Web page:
WIAA’s New Guidelines Have Local Coaches Worried


Rochester boys wrestling coach Jason Dick can remember everything about the last time his team practiced. The time. The date (March 16, 2020). How many kids were in the room. It was one of the best practices his Twin City Wrestling Club team, comprised of wrestlers from all over the area, ever had. To top it off, Dick had just received news that three of his Rochester wrestlers had signed with college teams. 

Then everything came to a halt. The state and all prep athletics were shut down due to the COVID-19 pandemic in mid-March. Dick hasn’t been on a mat with his team since. He hasn’t been away from a mat for this long since he was a freshman at Elma in the early 90s.

The future isn’t looking anymore promising either as the Washington Interscholastic Activities Association released new guidelines Monday detailing the process for sports to commence this winter. It’s left Dick and other local high school coaches worried their teams may not get the opportunity to play the 2020-21 school year.

The WIAA executive board voted that for a sports season to take place, 50 percent of schools in a WIAA region (by classification) must be eligible to participate in league games, as per Washington State Department of Health guidelines. If a sport has below 50 percent of schools eligible to compete in any region, staff will notify schools of the adjusted season the sport would be planned to move. Region A includes Districts 1 and 2. Region B includes districts 3 and 4 and Region C has districts 5-9. All Lewis County schools are in District 4.

The WIAA will monitor the eligibility of schools based on the number of cases reported in their county, using data from Washington’s Risk Assessment Dashboard, with a final decision being made three weeks prior to the beginning of the season.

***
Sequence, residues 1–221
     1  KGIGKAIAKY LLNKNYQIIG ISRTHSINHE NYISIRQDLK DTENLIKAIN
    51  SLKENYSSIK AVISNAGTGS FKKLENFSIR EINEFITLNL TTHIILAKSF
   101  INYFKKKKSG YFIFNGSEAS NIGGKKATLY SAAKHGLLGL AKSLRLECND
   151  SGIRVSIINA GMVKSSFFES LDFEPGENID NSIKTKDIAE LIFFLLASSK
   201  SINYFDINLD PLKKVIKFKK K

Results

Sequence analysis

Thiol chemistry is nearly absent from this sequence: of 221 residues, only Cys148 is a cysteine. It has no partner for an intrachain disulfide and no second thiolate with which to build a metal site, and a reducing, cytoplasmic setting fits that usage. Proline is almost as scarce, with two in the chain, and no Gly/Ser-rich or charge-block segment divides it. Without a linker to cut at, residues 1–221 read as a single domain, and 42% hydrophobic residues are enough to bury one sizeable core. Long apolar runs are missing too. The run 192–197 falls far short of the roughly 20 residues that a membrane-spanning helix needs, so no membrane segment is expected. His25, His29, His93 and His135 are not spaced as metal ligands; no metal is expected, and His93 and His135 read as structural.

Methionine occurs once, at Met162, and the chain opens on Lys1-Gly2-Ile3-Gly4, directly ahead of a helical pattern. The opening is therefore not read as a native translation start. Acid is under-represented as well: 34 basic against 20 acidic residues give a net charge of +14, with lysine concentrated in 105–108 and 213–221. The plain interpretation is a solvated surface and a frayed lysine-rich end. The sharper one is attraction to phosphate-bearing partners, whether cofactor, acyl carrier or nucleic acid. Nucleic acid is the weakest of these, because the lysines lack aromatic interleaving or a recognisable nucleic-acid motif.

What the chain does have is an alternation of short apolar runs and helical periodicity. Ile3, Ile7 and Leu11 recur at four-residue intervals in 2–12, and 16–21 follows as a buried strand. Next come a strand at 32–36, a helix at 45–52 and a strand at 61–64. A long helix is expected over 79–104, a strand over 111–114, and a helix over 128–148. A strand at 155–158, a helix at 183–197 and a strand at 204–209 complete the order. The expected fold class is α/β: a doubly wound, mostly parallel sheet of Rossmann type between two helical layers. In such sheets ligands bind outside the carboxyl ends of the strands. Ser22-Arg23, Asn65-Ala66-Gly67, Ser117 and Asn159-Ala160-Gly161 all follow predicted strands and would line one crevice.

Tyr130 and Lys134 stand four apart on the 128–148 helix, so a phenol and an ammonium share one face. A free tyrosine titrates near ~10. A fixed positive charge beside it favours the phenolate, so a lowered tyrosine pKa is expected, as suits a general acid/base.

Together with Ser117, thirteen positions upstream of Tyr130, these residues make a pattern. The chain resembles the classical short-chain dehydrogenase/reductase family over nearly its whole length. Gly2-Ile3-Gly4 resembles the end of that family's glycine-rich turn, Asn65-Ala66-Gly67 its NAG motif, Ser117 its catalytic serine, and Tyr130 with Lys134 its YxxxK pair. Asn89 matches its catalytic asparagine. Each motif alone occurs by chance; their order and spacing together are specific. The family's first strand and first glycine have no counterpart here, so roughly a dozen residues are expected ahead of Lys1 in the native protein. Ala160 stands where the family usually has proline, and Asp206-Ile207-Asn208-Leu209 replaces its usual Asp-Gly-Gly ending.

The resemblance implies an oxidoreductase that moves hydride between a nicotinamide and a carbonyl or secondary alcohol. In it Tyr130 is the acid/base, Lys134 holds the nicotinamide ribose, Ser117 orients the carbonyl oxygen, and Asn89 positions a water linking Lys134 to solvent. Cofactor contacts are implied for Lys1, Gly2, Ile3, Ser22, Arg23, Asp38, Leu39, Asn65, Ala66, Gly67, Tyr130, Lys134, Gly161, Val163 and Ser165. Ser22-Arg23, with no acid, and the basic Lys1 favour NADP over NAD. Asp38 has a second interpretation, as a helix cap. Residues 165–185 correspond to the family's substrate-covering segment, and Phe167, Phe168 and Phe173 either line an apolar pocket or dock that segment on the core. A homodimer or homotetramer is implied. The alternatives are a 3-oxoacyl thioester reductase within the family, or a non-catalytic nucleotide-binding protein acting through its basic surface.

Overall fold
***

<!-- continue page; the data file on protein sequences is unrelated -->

The WIAA’s updated return-to-play guidelines released on Oct. 6 divided sports into three categories: low risk (cross country, golf, swim/dive, tennis, track and field); medium risk (baseball, bowling, gymnastics, soccer, softball, volleyball); and high risk (basketball, football, wrestling). 

Sport eligibility is tied with each county’s test rate and positivity rate. Counties with 75 cases per 100,000 or higher over a two-week period and a test positivity rate of 5 percent are considered high risk. Counties with 25-75 cases per 100,000 and less than 5 percent positivity rate are labeled moderate risk, while counties with less than 25 cases per 100,000 and fewer than a 5 percent positivity rate are considered low risk.

Lewis County is currently at 104.4 cases per 100,000 over a two-week period and has a 4.7 percent positivity rate as of Friday morning, placing it in the high-risk category, which means only low-risk sports can currently compete in league games here. Low- and moderate-risk sports can compete in league games once the county reaches 25-75 cases per 100,000 and less than 5 percent positivity rate. High-risk sports are unable to compete in league games until Lewis County reaches less than 25 cases per 100,000 and fewer than a 5 percent positivity rate.

“I understand where they’re coming from,” Dick said. “Wrestling is definitely a high-risk sport. It just really sucks. It’s really hard on the wrestlers, it’s hard on me, it’s hard on all of us right now. It’s going to crush the sport. It makes no sense that the highest-risk sport (wrestling) is going to be the first sport instituted back in. I don’t see us starting. Not at all. It breaks my heart.”